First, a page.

While the Elymians, at least in their remote origins, were probably west Asian, the Sicels of eastern Sicily were probably Italic. Unlike the Sicels, the Elymians appear never to have sought independence from the Greeks who colonised their corner of Sicily, nor did they engage in open conflict with the Phoenicians who established coastal outposts at Motia, Palermo and other places. The most credible explanation for this is that the Elymians embraced the benefits of increased trade, and already bore much in common with these newer arrivals. Their language, like that of the Sicels (but unlike that of the Sicans), was Indo-European, offering the possibility for easy communication with the Phoenicians and Greeks. Known Elymian civilisation bears a few traces of contact with Minoan cultures, though the implications are inconclusive: One theory suggests that the Minoans may have shared some remote roots with the Elymians, and probably traded with them.

Certain theories regarding the historically elusive Elymians have found their way into popular thought, yet remain unproven and, at best, circumstantial. We do not know whether the Elymians were the first to introduce the use of large horses in Sicily, and we do not know if they were the first Sicilians to use copper and bronze. In view of the facts as we know them, it may be more appropriate to attribute both developments to the Sicanians who were already here when the Elymians arrived, and had been influenced by other Mediterranean civilizations. Scholars identify Sicily's Bronze Age with the Sicanians, citing 2500 BC as a credible date. The date of the Elymians' arrival in Sicily is also debated. While 1100 BC is generally agreed by scholars to be the most recent likely period of their arrival, the Elymians may have been present in northwestern Sicily centuries earlier. (It is sometimes difficult to distinguish early Elymian archeology from that of Sicanian civilization; the Sicanians appear to descend from the Neolithic peoples who once inhabited all of Sicily, including the areas later occupied by the Elymians and Sicels.)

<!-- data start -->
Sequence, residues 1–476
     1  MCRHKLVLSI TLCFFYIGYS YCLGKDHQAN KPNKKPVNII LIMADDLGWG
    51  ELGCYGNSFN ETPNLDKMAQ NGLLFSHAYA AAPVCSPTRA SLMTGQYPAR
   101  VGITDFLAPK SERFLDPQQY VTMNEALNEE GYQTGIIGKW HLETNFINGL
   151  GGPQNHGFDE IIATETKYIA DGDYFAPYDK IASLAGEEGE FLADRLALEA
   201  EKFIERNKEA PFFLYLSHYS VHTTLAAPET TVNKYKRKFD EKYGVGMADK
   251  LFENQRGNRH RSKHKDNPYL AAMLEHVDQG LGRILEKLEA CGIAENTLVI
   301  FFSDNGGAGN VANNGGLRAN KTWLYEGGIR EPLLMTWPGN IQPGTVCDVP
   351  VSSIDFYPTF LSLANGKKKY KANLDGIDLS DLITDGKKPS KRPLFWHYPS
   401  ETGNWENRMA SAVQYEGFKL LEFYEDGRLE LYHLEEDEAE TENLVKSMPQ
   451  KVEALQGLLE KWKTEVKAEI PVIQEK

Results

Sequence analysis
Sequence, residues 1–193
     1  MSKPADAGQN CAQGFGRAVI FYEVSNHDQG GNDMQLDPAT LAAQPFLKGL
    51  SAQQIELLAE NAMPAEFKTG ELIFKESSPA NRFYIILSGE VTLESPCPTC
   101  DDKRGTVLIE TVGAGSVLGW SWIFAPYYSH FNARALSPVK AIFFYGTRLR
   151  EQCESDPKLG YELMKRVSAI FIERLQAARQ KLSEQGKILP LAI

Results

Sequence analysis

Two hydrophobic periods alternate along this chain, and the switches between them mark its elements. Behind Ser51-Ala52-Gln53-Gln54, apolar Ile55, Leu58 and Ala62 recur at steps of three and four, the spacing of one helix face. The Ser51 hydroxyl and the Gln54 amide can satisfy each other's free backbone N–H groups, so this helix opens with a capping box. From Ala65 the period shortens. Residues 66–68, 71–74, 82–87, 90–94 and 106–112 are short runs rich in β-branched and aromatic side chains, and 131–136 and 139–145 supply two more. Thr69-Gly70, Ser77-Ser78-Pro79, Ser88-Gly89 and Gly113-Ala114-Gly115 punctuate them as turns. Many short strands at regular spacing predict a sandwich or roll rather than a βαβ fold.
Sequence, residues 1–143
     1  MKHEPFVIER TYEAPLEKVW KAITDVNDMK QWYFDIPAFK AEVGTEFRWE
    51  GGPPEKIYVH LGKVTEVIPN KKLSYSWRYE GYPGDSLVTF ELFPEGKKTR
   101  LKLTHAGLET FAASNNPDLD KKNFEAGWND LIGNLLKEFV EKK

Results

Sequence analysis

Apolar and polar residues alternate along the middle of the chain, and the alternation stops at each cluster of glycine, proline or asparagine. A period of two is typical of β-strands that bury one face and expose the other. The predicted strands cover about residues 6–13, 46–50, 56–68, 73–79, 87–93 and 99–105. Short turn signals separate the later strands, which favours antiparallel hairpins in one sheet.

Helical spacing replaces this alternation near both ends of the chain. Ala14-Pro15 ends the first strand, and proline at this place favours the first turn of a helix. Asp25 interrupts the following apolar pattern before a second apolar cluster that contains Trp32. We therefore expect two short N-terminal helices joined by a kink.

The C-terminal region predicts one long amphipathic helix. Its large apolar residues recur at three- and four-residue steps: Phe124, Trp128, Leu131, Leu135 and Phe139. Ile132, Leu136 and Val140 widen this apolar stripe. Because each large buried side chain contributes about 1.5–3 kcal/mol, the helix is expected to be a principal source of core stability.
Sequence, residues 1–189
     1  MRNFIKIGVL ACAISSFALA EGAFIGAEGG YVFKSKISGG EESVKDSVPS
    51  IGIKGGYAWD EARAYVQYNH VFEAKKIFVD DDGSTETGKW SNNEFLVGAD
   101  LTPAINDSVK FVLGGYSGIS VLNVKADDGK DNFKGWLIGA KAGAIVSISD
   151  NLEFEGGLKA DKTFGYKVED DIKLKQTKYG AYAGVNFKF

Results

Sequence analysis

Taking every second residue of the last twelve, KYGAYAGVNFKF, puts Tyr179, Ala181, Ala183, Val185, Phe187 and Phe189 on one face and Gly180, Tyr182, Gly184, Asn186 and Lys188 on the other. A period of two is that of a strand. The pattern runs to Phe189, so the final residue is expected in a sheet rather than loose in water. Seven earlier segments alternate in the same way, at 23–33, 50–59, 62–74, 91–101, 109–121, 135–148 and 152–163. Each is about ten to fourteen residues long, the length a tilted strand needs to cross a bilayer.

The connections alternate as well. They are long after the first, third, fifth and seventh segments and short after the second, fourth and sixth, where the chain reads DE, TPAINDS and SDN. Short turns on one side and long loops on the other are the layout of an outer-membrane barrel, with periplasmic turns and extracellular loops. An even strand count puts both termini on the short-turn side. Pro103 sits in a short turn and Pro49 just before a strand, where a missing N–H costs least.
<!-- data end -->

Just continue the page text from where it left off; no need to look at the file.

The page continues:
Another mystery is their language. We know more of Sicel than we do of either Elymian or the more linguistically isolated Sicanian. Little of the written Elymian language has been discovered in archeological elements dated to their civilization as it existed before the arrival of the Phoenicians and Greeks, and what has been found (using Greek characters with a few Phoenician ones in tablets found at Entella and inscriptions at Segesta) has not been satisfactorily translated. Indeed, it is their early assimilation with both societies, and particularly that of the Greeks, that often makes it difficult to clearly identify the Elymian culture at all. In other words, in archeological studies it is not always easy to distinguish early Elymian settlements from later Elymo-Greek ones (such as Hellenic Segesta) because the Elymians so rapidly adapted Greek art and architecture as their own. It appears that the Elymians lived in just a few localities before 700 BC, but the hypothetical discovery of even a small --but exclusively Elymian-- settlement could shed new light on our knowledge of their civilization. (Even in Sicily, such archeological discoveries are not unknown.)

The "Elymo-Greek" culture emerged by 500 BC, flourishing in places such as Segesta and Erice, though in the latter locality Phoenician and Carthaginian traces are particularly evident. Ethnologically, this was an advanced society with a particular affinity to Hellenic ones. As far as we know (genetic studies could alter the theory), the Segestans living in the third century BC were essentially Elymian descendants, with perhaps some Greek ancestry based on the influx of some Greeks from eastern Sicily. Relations with Selinus (founded by settlers from Megara Hyblea descended from the Greek-born Megarians) were complicated, though apparently based on political considerations rather than ethnic ones. The numerous Greek communities in Italy were founded by settlers originating in various parts of Greece, and this partly explains their alliances and differences, but there is nothing to suggest a "racial" discrimination against the Elymo-Greeks.